With the launch of cheaper, ad-supported subscriptions, Netflix and Disney+ are expected to bite into the revenue of traditional television channels as the streaming services look toward continued expansion.
After having long-shunned the notion of advertising on its platform, Netflix thisyear accelerated work on just such an offering as inflation prompts consumers to spend less and competition in the streaming television market intensifies.
Netflix is expected to launch an ad-supported subscription tier in early November, about a month before rival Disney+ does the same, according to US media reports.
“These launches are going to create the biggest premium advertising space in more than a generation,” said analytics company Samba TV senior vice president Dallas Lawrence.
“It’s going to be a major moment for advertisers.”
The windfall for Netflix and Disney+ could be considerable. Market tracker Statista forecasts that spending on television ads globally will hit $159 billion this year.
Insider Intelligence analyst Ross Benes estimates that advertising revenues from streaming could reach $30 billion in two years in the United States alone.
Global video sharing and online television platform YouTube saw $28.8 billion in ad revenue in 2021.
“Not long ago, everyone said subscriptions would kill ads,” said Kevin Krim, head of marketing analytics firm EDO.
“Now, we can see that is obviously not true.”
Some streaming television services such as NBCUniversal’s Peacock, Paramount+ and HBO Max already feature ad-supported offerings.
But Netflix and Disney+ — with 220 million and 152 million subscribers respectively — throwing their hats in the advertising ring could catch the attention of businesses interested in reaching television audiences, analysts said.
Netflix is looking to win over at least 40 million subscribers to its ad-subsidized tier by next year’s third quarter, according to an internal document cited by the Wall Street Journal.
When the time comes, Disney+ will transition its existing $7.99-per-month subscription tier to the ad-supported version, and the ad-free option will go for $10.99, the company has said.
Being able to reach Netflix or Disney+ viewers promises to help brands reconnect with audiences that have abandoned traditional “linear” television in favor of streaming entertainment, said nScreenMedia chief analyst and founder Colin Dixon.
“This actually gives advertisers access to people who they haven’t been able to reach in a while, in their most focused viewing time,” Dixon said
No matter when viewers with ad-based subscriptions choose to watch a show or film, the commercials will be there, waiting for them.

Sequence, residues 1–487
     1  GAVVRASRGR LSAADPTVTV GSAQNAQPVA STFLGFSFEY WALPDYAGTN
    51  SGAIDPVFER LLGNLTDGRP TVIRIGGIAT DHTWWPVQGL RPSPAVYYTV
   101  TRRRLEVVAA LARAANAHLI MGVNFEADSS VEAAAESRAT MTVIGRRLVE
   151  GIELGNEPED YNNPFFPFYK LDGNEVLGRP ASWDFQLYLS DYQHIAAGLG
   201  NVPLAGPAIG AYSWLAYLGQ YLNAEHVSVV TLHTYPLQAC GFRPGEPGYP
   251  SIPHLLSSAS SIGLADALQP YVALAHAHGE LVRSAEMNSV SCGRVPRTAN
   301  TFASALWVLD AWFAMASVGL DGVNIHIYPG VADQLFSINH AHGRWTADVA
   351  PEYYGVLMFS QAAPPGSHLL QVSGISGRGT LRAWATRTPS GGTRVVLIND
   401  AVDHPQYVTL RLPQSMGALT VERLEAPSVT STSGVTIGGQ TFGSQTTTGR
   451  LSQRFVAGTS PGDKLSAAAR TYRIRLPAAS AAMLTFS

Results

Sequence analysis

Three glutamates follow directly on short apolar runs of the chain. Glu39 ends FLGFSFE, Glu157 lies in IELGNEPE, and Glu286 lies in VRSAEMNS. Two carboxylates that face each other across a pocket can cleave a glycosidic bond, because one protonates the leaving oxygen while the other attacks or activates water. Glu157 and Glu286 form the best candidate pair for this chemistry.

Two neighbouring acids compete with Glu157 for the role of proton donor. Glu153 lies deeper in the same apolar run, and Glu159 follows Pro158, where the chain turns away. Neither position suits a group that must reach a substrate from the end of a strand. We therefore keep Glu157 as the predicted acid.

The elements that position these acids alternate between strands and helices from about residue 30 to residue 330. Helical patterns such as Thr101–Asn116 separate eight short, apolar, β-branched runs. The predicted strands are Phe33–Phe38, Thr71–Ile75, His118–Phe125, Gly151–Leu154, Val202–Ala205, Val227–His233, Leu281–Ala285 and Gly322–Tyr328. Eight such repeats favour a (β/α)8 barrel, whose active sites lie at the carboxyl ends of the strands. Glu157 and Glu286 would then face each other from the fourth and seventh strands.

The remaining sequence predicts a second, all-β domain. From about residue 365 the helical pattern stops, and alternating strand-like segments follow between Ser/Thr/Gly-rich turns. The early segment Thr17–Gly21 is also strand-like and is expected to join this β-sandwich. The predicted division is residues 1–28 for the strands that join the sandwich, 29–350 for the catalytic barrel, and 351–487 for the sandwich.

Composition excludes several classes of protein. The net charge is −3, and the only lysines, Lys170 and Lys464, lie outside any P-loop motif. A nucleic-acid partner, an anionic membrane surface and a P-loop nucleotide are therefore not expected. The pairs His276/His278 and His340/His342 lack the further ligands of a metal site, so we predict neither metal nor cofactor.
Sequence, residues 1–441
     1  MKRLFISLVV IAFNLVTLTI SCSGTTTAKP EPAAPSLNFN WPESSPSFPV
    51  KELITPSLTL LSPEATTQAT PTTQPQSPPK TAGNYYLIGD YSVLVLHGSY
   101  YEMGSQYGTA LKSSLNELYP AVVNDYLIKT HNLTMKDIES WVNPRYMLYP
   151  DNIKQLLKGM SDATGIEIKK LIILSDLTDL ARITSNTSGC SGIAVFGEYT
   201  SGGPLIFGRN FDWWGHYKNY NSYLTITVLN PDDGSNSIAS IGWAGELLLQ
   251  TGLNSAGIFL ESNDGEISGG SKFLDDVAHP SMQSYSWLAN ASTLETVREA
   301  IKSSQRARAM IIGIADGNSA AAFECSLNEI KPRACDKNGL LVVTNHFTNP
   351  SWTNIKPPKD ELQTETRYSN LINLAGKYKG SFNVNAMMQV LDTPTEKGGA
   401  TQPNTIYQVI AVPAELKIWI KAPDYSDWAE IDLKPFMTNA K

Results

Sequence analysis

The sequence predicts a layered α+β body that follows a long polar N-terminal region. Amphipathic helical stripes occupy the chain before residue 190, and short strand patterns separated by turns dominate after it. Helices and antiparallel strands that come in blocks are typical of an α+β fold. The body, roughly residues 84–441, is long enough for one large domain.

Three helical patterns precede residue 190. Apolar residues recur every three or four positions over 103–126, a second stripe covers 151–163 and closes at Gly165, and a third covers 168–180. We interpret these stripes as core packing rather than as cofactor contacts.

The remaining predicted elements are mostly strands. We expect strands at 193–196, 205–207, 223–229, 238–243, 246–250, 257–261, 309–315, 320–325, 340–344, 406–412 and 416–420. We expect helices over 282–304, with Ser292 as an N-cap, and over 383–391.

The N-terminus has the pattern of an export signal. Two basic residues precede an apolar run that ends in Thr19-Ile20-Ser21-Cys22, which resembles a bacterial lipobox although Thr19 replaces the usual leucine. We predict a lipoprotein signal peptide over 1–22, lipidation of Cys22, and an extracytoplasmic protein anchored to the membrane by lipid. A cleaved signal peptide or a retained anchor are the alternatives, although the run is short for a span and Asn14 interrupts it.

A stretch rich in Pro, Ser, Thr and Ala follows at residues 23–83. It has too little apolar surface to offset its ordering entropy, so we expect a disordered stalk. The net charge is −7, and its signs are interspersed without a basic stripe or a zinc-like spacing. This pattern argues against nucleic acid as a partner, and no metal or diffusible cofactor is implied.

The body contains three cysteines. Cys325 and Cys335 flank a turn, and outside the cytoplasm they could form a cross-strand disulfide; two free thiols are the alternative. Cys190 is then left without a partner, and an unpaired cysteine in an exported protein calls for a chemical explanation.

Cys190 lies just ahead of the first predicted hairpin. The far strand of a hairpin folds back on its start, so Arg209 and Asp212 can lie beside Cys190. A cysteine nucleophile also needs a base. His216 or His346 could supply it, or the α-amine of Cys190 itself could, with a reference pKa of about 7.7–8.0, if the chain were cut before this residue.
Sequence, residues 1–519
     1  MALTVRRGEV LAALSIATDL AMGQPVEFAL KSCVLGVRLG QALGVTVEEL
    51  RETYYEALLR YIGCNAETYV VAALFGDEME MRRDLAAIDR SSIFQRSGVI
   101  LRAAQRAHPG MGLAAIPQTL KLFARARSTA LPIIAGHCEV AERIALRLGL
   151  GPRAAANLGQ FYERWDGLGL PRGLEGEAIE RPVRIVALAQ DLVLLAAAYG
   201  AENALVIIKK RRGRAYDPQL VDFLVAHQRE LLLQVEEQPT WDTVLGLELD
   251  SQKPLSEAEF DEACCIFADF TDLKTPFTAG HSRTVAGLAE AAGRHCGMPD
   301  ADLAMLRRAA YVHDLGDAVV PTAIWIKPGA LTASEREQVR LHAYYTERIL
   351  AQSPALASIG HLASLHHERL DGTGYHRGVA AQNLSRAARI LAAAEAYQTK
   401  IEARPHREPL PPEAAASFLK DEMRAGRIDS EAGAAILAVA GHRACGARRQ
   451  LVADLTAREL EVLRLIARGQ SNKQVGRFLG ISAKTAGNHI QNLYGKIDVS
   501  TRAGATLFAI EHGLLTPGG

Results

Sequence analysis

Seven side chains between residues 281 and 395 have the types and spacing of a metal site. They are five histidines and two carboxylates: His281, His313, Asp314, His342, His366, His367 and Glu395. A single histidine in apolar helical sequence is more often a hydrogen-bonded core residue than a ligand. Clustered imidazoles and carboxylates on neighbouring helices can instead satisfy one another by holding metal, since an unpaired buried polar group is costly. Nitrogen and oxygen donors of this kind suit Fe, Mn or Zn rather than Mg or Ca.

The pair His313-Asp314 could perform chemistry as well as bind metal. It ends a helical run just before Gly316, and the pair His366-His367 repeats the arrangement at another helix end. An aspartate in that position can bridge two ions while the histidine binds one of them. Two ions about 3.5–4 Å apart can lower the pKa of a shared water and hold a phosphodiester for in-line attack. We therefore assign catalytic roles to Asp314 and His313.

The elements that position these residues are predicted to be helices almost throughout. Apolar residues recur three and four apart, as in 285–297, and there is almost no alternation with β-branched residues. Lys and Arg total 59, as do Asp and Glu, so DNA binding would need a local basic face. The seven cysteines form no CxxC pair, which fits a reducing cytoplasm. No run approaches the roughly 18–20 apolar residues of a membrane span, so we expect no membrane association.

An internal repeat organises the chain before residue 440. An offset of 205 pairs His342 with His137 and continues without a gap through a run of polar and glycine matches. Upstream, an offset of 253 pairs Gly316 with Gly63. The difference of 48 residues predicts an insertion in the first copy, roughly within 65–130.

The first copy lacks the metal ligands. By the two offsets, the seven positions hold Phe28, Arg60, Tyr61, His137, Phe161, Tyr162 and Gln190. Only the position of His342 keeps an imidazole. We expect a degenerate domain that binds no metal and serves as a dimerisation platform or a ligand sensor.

It will also afford advertisers the luxury placing ads directly with Netflix or Disney+ for viewers around the world, rather than having to negotiate numerous deals with channels or stations in various regions, Dixon added.
These new subscription tiers will put pressure on linear television service providers that have not yet entered into the streaming game, analyst Lawrence said.
Even major US studios such as CBS, NBC and Fox are expected to see TV ad money lured away by the prospect of matching marketing messages with winning content such as “Stranger Things” at Netflix or “Star Wars” at Disney+.
“When Netflix and Disney+ unlock that capability and allow advertisers to access the most premium inventory available on televisions, we’re going to go to a full stampede out of linear television and into streaming environments,” said Lawrence of Samba TV.
“It will probably drive down linear television advertising value.”
Along with reaching viewers wherever and whenever they stream television shows, ads on Netflix or Disney+ can provide marketers with more data than is available from what Samba called “old-fashioned TV,” he added.
Streaming television ads can also be targeted at individual viewers, noted Krim.
And, Netflix and Disney+ have a chance to create new advertising models, breaking long-held norms about advertising length or placement, and even involving partners in program creation.
So far, streaming television services do not seem a threat to digital ad revenue for the likes of Amazon, Facebook, Google or TikTok, with marketers expanding their overall budgets for reaching people online, according to analyst Benes.